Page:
Blaise candidly tells what happened when this system was actually tried at Ceresole. He had confidently expected that

in this way we should kill all their captains in the front rank. But we found that they were as ingenious as ourselves, for behind their first line of pikes they had put pistoleers [i.e., men armed with handguns: long-barreled arquebuses would have been too unwieldy at such close quarters]. Neither side fired till we were touching—and then there was a wholesale slaughter: every shot told; the whole front rank on each side went down.

The losses in this battle were so heavy that the ill-fated concept of alternating rows of firearms men and pikemen was never tried again. Instead, in later battles when firearms (generally arquebuses) were used, they were not fired at point-blank range but only from the relatively greater safety of the flanks of large formations of pikemen or they were used for skirmishing.

The Italian War of 1551–1559: In 1551, Henry II of France declared war on Charles V with the twin goals of recapturing Italy and of establishing French domination of European affairs. However, to make a long and complex story very short, the French failed to change the balance of power in Italy or to break Habsburg control. In terms of mercenary involvement, the most interesting aspect of this war was the battle of Marciana (also known as the battle of Scannagallo), which took place in Tuscany in 1554 and was a decisive Florentine and Spanish-Imperial victory.

Here the belligerents were the Duchy of Florence, Spain, and the Holy Roman Empire, on one side, and the Republic of Siena and France, on the other. Large numbers of troops were involved: 17,000 infantrymen and 1,500 cavalrymen for the Duchy of Florence and its allies; and 14,000, infantrymen and 1,000 cavalrymen for Siena and France. Many of the fighters were mercenaries. For example, the mercenary chieftain Ascanio della Cornia provided 6,000 infantrymen and 300 cavalrymen; Landsknechts were much in evidence; and at one point a corps of 1,300 hungry mercenaries was killed when trying to collect food to eat. As a result of this battle, Siena lost its independence and was absorbed into the Grand Duchy of Tuscany.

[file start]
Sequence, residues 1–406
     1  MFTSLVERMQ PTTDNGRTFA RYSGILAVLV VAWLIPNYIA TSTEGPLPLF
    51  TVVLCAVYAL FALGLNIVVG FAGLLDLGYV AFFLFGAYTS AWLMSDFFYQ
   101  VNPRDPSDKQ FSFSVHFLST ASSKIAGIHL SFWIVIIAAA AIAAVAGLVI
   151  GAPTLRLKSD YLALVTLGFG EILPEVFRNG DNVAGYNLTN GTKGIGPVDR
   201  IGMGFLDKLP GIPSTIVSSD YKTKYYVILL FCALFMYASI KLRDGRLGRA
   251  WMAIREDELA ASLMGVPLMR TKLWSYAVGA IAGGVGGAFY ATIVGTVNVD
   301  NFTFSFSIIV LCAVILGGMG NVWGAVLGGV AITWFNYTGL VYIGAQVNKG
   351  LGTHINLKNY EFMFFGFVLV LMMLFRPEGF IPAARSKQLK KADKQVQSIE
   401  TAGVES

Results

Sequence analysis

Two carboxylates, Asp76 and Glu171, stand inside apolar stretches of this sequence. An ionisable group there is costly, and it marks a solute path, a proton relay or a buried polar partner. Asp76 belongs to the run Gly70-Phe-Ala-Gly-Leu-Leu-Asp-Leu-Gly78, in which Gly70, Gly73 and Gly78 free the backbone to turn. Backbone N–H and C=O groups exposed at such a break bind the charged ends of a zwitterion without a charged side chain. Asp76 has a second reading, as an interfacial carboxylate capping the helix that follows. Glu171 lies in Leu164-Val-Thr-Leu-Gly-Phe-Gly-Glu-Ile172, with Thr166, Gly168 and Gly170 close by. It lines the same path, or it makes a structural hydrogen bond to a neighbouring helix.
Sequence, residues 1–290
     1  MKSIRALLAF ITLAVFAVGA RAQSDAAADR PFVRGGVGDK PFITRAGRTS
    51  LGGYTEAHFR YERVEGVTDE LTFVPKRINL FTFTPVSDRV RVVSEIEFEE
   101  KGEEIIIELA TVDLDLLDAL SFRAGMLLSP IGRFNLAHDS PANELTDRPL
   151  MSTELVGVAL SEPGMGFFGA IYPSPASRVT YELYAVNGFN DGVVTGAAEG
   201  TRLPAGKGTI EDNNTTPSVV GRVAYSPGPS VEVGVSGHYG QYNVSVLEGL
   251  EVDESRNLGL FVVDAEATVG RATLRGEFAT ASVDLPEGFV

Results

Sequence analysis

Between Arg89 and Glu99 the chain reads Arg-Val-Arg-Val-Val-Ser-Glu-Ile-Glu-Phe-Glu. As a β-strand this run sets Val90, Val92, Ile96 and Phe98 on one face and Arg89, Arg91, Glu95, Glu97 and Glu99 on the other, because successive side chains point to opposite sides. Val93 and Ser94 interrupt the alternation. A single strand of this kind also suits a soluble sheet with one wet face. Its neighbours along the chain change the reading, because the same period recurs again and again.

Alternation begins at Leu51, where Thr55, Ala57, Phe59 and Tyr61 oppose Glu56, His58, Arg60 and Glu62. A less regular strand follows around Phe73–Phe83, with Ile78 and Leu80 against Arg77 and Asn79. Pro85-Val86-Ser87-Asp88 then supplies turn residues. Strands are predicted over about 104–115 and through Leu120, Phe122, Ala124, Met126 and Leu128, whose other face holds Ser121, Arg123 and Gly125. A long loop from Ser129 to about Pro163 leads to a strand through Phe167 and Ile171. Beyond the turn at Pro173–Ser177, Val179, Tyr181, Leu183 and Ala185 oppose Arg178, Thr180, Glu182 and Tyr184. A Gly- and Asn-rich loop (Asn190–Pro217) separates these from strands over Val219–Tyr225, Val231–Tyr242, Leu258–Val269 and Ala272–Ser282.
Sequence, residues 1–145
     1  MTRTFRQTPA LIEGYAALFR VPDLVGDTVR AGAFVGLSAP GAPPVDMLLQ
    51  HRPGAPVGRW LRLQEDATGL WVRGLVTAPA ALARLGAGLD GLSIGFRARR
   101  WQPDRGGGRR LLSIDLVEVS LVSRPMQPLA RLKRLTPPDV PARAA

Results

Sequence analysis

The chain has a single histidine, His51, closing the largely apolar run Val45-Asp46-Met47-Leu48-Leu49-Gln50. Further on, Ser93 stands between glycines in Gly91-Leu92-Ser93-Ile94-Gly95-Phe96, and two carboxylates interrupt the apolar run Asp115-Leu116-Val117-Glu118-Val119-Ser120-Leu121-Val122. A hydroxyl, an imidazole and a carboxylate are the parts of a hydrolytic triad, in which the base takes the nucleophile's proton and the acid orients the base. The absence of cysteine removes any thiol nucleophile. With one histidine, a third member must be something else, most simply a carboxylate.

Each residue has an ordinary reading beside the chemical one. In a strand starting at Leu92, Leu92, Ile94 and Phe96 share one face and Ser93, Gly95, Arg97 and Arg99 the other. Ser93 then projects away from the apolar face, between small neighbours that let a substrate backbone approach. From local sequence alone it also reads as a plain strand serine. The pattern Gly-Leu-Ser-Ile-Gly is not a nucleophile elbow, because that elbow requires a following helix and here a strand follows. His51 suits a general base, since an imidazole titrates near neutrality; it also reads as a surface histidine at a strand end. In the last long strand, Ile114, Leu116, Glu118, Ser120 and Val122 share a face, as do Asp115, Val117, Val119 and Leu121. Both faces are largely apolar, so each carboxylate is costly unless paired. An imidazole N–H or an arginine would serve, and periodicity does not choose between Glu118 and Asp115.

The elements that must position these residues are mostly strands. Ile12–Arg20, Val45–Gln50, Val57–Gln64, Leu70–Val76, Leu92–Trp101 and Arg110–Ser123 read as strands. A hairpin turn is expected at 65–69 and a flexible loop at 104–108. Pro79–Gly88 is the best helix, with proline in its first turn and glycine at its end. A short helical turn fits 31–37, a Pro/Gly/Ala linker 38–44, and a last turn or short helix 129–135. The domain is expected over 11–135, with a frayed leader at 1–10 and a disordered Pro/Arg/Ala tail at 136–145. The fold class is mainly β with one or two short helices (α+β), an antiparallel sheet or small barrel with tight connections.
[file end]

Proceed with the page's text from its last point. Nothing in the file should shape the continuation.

The modern scholar Michael Mallett summarized the Italian Wars in these words:

It was the scale of the Italian Wars which created their enormous impact on European warfare. The emphasis on size and permanence of armies produced not only more disciplined and extensive use of known weapons and techniques, but also placed a premium on co-ordination between arms. The day had passed when a single arm—whether it was the French heavy cavalry or the Swiss pikes—could dominate the battlefield…. The Italian Wars were a vast melting pot; the heat and flames were new; the ingredients were not. Italy had contributed significantly to these ingredients even though she herself was to be consumed in the flames.

Niccolò Machiavelli (1469–1527), the Italian Renaissance figure whose name is still cited frequently today by scholars, politicians, and debaters alike, had negative views on mercenaries.

The son of a legal official, Machiavelli had a good grasp of Latin and the Italian classics when he entered government service in 1494 as a clerk. After the Florentine Republic was proclaimed four years later, he rose to prominence as secretary of the 10-man council which conducted Florence’s diplomatic negotiations and military operations. It was during his diplomatic missions that he became familiar with the political tactics of many Italian leaders. In 1502 and 1503, Machiavelli also became familiar, at first hand, with the state-building methods of Cesare Borgia, the Duke of Romagna, who was expanding his holdings in central Italy through a mixture of military prowess, audacity, prudence, self-reliance, firmness, and cruelty. His army was essentially a mercenary army, heavy with contingents of French and Spanish troops. When he faced a revolt by his own mercenaries in 1502, he crushed it brilliantly and ruthlessly. Machiavelli studied closely the methods Cesare employed to trick the rebellious mercenaries and then magnified his achievements in The Prince.

From 1503 to 1506 Machiavelli was put in charge of reorganizing the military defense of Florence. At that time, condottieri bands (i.e. mercenary armies) were common in Italy, but Machiavelli did not think they could ever be relied on to remain loyal to their employers. He therefore argued in favor of citizen armies which, being native to a given state and thus having a personal stake in its fortunes, were much more likely to be loyal. Machiavelli’s thinking here was largely inspired by the citizen armies of ancient Rome.

In 1512, as a result of the rivalry between Spain and France (see the previous section on the Italian Wars), the Medici family returned to power in Florence. The republic was dissolved and, as a key figure in the former anti-Medici government, Machiavelli was placed on the torture rack because he was suspected of conspiracy. After his release, he retired to his estate near Florence, where he wrote his most important books. He tried hard to win the favor of the Medicis but was unsuccessful in this effort and was never given another government position.